From the bottom or higher
Bream is a bottom fish. Not only fishermen think so, but also scientists. However, I dare to point out that this definition requires some adjustment. Not to mention the summer period, when bream often walk at the very surface of the water or feed in reeds, without sinking to the bottom, bream and under the ice do not always occupy the bottom layers of water. Why? For the first time I asked myself this question many years ago, when on the Uchinskoye reservoir, along the perimeter of a vast pit, we caught a scavenger in the middle layers of water. It was in early April, and the bream flock actively walked in circles around this pit. Apparently, this was due to the fact that melt water was already flowing into the old holes.
Bream can occupy different water horizons even if the atmospheric pressure is unstable. In all likelihood, there are other reasons to consider this fish conditionally bottom. Large bream is an enviable trophy. Under favorable conditions, it reaches a weight of 5-6 kg, and in some reservoirs, lost in the wilderness and off-road, specimens up to 10 kg have been caught. Catching such a giant is not easy. But fishing with 1-2 kg of bream can give an angler many pleasant minutes. In the overwhelming majority of cases, one has to be content with creepers (it is conventionally believed that this is fish up to 1 kg in weight). From the bottom, bream feeds in a peculiar way. On one of the Lithuanian lakes, I once had the opportunity to observe how a rather large bream was feeding at about a meter depth. Pulling his mouth out into the tube, he threw a rather strong stream of water into the silted bottom. The silt was washed out, after which the gold-sided picked up the larvae. Most likely it was a bloodworm.
About “wintering” pits
The statement that the bream lays down on the bottom of the pit, lays down there for the winter, is first encountered by L.P. Sabaneev. It is erroneous, but it is more correct to perceive it as outdated or even outdated by our standards. Reading Sabaneev more carefully, it is not difficult to find another of his statements that “bream hibernates either in pits, or – even more often – at a moderate depth, where the muddy bottom is ledge. However, in some places it is very good to catch a small breeder in winter (for bloodworms). One thing is true here, that bream do not hibernate, like a carp, catfish, and do not burrow into silt like tench or crucian carp. That is, they do not lie anywhere and lead an active lifestyle throughout the entire ice season. That’s all. The pits have nothing to do with it. The concept “lies”, as we found out, not only figurative, but also morally obsolete, which literally nobody perceived in Sabaneev’s time. And the fact that in winter, according to the classic, the small breeder is caught for the most part is not an argument for us (the main thing is that it is caught). And it should also be taken into account that fishing from the ice in the time of Sabaneev with amateur tackle was generally considered the lot of lonely eccentrics who did not often come across bream.
Bream, as you know, lives not only in flowing water bodies, but also in closed ones. The former include rivers, canals, reservoirs and some lakes (for example, the system of the upper Volga lakes); to the second, deep-water quarries and stagnant lakes. The behavior of bream flocks in winter depends primarily on the nature of the reservoir. It has long been noted that if the oxygen regime is favorable, then bream and undergrowth remain biologically active practically throughout the entire ice season, with the exception of one to one and a half weeks after the formation of ice, when they need to adapt to new habitat conditions. After which they begin to actively move around the reservoir in search of food. But if in rivers, where the oxygen regime is always more favorable, the bream changes its camp sites as the food supply becomes scarce, then in closed water bodies the situation is somewhat different – here, by the middle of winter, bream, and other carp fish, begin to experience oxygen starvation. Fish lose their appetite, become rather lethargic and try to stay exclusively in places where there is more oxygen in the water. In a word, bream in the wilderness can be found anywhere, but not in pits, where the process of decomposition of organic matter, and consequently, the deterioration of the oxygen regime occurs much more intensively.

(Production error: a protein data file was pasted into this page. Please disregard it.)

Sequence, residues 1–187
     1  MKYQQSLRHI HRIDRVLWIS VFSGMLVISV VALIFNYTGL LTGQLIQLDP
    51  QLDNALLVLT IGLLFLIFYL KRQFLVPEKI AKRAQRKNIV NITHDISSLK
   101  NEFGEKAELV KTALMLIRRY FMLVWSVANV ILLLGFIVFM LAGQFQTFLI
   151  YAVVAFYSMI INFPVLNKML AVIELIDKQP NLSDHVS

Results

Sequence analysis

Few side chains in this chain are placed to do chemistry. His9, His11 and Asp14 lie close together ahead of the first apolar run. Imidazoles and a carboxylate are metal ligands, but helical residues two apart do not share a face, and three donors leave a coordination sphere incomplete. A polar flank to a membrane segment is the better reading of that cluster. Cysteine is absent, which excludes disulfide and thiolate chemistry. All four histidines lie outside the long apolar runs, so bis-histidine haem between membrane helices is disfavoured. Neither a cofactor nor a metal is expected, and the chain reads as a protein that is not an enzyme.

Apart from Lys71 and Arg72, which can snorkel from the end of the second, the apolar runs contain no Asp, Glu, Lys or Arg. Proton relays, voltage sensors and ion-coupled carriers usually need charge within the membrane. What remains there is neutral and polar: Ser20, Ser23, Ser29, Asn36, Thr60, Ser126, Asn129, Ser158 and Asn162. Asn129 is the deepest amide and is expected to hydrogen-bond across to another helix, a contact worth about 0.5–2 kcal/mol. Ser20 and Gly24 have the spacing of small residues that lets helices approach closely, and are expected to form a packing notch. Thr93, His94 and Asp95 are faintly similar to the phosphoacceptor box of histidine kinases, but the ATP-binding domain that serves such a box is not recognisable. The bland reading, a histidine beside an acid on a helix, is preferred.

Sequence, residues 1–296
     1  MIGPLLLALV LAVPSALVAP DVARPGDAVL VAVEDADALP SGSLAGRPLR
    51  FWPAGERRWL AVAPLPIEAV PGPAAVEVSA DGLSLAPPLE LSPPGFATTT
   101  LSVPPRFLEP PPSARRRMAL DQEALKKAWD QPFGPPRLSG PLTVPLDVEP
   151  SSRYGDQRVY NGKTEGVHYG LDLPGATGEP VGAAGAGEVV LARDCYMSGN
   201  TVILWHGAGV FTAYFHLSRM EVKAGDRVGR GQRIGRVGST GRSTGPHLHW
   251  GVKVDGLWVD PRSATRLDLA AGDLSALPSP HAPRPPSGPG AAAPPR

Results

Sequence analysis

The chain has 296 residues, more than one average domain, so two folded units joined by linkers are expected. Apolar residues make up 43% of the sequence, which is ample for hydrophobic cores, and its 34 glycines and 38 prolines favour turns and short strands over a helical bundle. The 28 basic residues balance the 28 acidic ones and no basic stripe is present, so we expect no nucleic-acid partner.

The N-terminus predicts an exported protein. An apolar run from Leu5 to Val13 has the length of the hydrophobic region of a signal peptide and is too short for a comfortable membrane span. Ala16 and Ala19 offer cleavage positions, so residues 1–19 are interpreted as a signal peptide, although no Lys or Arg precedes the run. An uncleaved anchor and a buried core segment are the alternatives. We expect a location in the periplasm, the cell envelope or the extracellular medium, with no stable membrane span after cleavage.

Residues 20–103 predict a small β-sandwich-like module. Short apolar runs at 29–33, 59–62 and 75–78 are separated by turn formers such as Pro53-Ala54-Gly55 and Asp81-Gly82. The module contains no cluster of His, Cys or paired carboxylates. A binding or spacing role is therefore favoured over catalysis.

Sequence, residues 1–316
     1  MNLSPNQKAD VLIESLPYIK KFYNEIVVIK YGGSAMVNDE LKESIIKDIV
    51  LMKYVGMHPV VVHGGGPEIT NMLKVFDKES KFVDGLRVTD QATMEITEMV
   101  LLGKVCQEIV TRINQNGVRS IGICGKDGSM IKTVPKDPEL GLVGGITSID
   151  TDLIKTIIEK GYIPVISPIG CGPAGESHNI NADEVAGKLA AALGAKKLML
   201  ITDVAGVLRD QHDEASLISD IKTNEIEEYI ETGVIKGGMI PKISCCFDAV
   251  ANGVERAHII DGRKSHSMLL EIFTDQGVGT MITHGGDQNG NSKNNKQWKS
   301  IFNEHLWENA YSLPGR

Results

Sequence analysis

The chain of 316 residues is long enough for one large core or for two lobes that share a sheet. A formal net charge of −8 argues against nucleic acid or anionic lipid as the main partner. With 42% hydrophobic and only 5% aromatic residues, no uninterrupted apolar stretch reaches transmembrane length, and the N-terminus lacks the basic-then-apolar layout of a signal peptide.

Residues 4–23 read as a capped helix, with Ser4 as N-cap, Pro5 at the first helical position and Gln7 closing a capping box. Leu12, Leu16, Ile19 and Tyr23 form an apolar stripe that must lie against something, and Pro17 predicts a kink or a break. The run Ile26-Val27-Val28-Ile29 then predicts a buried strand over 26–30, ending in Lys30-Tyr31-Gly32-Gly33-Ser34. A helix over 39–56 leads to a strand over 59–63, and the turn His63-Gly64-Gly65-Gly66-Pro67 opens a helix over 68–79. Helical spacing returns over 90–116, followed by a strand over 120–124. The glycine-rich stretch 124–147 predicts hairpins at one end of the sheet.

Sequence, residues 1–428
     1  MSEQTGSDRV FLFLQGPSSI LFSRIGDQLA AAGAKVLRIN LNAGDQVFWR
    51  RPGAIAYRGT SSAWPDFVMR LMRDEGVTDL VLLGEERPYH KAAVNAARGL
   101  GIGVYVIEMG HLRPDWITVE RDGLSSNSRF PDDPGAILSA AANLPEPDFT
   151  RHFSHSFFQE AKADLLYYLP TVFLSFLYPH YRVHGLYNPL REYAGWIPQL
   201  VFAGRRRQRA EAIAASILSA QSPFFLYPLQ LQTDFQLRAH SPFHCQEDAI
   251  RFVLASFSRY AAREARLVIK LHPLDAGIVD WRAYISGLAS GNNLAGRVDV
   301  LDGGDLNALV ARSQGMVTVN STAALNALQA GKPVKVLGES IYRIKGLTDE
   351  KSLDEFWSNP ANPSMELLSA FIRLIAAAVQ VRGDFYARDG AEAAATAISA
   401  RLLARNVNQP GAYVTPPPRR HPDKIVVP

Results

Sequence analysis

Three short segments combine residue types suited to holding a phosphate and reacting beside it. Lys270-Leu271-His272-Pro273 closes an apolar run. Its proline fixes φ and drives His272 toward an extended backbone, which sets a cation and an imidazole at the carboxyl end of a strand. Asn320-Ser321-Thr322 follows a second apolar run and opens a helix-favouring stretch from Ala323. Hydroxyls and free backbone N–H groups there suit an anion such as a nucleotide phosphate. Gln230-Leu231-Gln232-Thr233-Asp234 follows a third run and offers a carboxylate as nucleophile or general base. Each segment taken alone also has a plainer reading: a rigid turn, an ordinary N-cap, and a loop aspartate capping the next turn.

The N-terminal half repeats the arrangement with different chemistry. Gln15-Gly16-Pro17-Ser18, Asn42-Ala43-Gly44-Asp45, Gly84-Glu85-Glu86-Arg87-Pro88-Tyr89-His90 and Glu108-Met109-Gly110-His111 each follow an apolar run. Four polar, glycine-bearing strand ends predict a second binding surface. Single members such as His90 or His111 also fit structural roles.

During this period, bream and podleschik can hang in the water column, settle on “tables” with an insignificant depth, go out into the confluence of streams and rivulets. As for reservoirs and vast flowing lakes, the situation here, as I have noticed, is as follows. With the establishment of strong ice, bream flocks concentrate mainly at depths of five to ten meters. The depth of the location depends on the water level. It happens that in some years it drops significantly, say, due to a hot summer or a large water intake, in other years, on the contrary, it rises. With this in mind, it is necessary to look for sites of bream. Usually these are underwater edges, edges of old flooded channels, ravines, seamounts, deep bays. If in summer time bream can often be found in areas with a muddy bottom, then in winter, especially in the wilderness, it prefers clay-sandy soil and often appears where there is a weak current.
source: Catching from the ice. All the secrets of winter fishing